We are Semper Paratus.

U.S. Coast Guard Auxiliary

Department of
Homeland Security

District 5SR
Division 23 Flotilla 23-6
Calvert County's
Volunteer Lifesavers

Donald M. Haskin, Flotilla Commander

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Waterway Watch

Waterway Watch

Boating Safety Tip of the Day
Wear a Life Jacket

Wear a life jacket also known as a PFD or Personal Flotation Device.  The life jacket floats, you don’t. A life jacket will save your life. There is no reason not to wear one.

Click this

Paddlers Safety Checklist

Gear and Preparation for a Safe Paddle Trip

to read the article by Alan Sorum on canoe and kayak . The American Canoe Association and the Coast Guard Auxiliary partnered together to produce this in pamphlet form.  Statistically, we paddlers are far more likely to drown or be injured than a . Do not underestimate the danger and do not over estimate your strength and -  especially in , cold water, windy conditions, and strong currents.

Paddlers are as careful planning their trips and having the right safety equipment available as are recreational boaters. In some states, kayaks and canoes must even be registered and pass safety inspections.  The Coast Guard Auxiliary now does Vessel Safety Inspections of paddle craft! Contact the using the link on the menu bar above or visit SafetySeal.net.

Here in Maryland when I take my kayak out I always have my life jacket on and properly secured to my body and the following:

1. A hand-held water pump and bailing sponge.

2. An air powered horn of the type available at a marine store.

3. A visual distress flag that can be tied to a paddle and three flares in a waterproof dry bag.

4. A portable, dunk proof, marine VHF and a cellular telephone in a dry bag.

5. A paddle float. This is a necessity if you do not know how to do a rolling . Practice!

6. Sunglasses, reading glasses, a hat for UV protection.

7. Sunscreen for exposed skin. Do not put it on your forehead.

8. A GPS in waterproof bag especially if I am going to unfamiliar places.

9. We use in rougher water to minimize taking on water.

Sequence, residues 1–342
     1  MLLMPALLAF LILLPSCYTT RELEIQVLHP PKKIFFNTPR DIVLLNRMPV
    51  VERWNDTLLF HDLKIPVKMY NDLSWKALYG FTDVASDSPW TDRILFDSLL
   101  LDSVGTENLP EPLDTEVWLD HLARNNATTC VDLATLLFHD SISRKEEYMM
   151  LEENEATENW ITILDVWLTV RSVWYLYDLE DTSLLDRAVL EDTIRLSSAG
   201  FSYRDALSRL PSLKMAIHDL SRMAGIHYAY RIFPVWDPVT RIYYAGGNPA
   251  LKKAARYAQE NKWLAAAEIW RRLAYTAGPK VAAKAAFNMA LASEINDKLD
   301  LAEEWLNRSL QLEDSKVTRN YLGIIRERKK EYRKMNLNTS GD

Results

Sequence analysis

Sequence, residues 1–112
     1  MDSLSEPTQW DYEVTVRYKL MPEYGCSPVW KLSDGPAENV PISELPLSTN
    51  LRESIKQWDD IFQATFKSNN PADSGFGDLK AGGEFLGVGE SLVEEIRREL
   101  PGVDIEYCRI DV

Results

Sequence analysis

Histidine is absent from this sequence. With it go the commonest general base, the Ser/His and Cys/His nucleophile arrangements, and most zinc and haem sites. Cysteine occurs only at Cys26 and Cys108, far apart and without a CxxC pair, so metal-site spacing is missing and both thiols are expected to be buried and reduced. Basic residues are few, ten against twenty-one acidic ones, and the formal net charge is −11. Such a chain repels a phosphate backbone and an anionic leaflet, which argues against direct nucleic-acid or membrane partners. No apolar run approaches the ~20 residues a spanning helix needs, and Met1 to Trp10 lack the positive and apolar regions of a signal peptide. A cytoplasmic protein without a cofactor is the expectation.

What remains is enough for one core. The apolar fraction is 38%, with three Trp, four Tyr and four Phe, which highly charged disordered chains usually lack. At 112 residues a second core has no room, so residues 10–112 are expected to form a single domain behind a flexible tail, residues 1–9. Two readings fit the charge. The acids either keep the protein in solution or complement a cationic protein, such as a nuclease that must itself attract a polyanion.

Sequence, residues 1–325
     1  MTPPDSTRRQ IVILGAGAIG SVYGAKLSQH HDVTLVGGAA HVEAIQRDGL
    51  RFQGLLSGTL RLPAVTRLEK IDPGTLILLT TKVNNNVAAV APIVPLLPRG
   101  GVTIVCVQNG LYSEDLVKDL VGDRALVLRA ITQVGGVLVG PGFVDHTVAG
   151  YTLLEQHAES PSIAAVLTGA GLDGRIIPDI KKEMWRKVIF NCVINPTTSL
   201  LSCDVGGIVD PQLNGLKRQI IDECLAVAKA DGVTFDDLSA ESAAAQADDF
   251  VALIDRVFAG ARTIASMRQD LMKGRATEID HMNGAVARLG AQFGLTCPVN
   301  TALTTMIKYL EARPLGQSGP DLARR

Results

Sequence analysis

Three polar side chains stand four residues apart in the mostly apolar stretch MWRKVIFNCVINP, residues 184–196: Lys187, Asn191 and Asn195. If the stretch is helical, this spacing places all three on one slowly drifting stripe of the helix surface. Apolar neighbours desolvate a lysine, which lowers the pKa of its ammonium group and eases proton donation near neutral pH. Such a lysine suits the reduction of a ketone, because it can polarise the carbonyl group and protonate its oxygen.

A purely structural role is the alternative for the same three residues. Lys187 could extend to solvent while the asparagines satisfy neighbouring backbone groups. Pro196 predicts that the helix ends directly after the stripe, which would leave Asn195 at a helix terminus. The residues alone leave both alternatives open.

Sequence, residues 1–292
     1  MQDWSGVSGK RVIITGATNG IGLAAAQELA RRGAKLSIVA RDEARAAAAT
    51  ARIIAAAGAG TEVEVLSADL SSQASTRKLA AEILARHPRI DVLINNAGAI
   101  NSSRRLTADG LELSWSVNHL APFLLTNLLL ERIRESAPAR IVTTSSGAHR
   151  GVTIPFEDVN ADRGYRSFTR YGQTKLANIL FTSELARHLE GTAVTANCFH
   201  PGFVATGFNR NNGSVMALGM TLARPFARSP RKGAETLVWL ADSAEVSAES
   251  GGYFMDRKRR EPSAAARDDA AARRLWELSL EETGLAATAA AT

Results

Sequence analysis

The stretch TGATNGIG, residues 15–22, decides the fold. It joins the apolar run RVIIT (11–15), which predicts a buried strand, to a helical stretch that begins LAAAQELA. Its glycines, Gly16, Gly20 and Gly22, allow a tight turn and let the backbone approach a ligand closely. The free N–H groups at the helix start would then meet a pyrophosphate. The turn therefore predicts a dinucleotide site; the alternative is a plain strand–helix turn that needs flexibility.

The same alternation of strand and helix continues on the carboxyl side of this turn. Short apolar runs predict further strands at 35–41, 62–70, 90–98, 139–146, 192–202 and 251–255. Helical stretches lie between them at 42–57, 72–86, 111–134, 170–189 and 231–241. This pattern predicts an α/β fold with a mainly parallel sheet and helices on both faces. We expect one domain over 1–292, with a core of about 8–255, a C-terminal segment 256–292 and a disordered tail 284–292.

10.  Take a trash bag you can stow in a water proof compartment to take out your trash and any that you find along the way.

11. Wear the proper clothing for air and water conditions. Weather can be the enemy of returning safely.

My spouse and I only paddle alone when we are in water we can stand in if we turn over and exit the kayaks, otherwise we are always in pairs. Having a partner allows a safe and quicker reentry. Regardless, we have always learned to be mindful of currents and . When the Bay is rough it takes quite a bit more strength to stay afloat and focused.

Use caution entering private harbors in a kayak, canoe, or other small boat.  Larger boats do not often see you or they don’t slow down to minimize the effect of their wake. The entrances to some harbors along the Bay can be churning cauldrons when the Bay is rough, tossing a small kayak side to side. Stay as far to starboard as you can, clear of any recreational motor vessel traffic.

Report any intentional attempts by recreational boaters to swamp your craft. Obtain the vessel registration number and contact the Maryland Department of Natural Resources Police or the Coast Guard.

Be safe in your kayak. Think about arriving alive. Don’t take absurd risks. Use caution in unfamiliar waters. Watch for submerged objects. Maintain an awareness of your depth while in back creeks. Have the skills necessary to get yourself out of a sticky situation.